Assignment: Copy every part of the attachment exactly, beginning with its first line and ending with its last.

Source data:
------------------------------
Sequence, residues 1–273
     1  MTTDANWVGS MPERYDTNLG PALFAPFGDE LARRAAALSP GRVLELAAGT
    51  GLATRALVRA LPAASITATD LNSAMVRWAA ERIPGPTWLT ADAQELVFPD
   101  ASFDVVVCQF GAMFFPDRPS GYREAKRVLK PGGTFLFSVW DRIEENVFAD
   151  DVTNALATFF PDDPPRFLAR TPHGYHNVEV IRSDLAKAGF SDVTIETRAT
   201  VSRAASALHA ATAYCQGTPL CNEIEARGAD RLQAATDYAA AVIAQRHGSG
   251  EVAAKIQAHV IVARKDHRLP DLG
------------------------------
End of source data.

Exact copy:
Sequence, residues 1–273
     1  MTTDANWVGS MPERYDTNLG PALFAPFGDE LARRAAALSP GRVLELAAGT
    51  GLATRALVRA LPAASITATD LNSAMVRWAA ERIPGPTWLT ADAQELVFPD
   101  ASFDVVVCQF GAMFFPDRPS GYREAKRVLK PGGTFLFSVW DRIEENVFAD
   151  DVTNALATFF PDDPPRFLAR TPHGYHNVEV IRSDLAKAGF SDVTIETRAT
   201  VSRAASALHA ATAYCQGTPL CNEIEARGAD RLQAATDYAA AVIAQRHGSG
   251  EVAAKIQAHV IVARKDHRLP DLG